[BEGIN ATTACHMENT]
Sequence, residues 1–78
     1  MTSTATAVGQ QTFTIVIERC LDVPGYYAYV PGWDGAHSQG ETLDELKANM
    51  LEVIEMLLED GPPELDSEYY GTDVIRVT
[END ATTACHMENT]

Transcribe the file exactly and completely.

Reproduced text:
Sequence, residues 1–78
     1  MTSTATAVGQ QTFTIVIERC LDVPGYYAYV PGWDGAHSQG ETLDELKANM
    51  LEVIEMLLED GPPELDSEYY GTDVIRVT